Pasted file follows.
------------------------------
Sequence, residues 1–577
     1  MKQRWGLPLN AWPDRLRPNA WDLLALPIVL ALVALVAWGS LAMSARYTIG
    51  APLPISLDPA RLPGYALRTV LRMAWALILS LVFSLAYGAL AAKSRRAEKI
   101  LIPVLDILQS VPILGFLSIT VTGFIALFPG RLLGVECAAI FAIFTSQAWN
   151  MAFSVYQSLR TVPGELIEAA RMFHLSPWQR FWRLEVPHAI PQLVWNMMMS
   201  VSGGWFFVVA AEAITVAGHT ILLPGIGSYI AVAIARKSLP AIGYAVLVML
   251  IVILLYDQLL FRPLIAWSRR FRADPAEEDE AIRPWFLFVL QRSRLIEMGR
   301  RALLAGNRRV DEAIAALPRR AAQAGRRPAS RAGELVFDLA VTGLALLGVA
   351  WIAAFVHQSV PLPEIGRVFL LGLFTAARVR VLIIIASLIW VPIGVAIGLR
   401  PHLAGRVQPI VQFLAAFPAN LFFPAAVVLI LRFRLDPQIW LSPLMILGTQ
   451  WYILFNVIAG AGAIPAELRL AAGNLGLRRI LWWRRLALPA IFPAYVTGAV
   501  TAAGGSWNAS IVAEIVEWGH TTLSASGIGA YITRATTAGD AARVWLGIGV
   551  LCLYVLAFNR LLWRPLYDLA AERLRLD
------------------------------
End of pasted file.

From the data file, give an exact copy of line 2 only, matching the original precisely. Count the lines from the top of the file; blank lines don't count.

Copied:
     1  MKQRWGLPLN AWPDRLRPNA WDLLALPIVL ALVALVAWGS LAMSARYTIG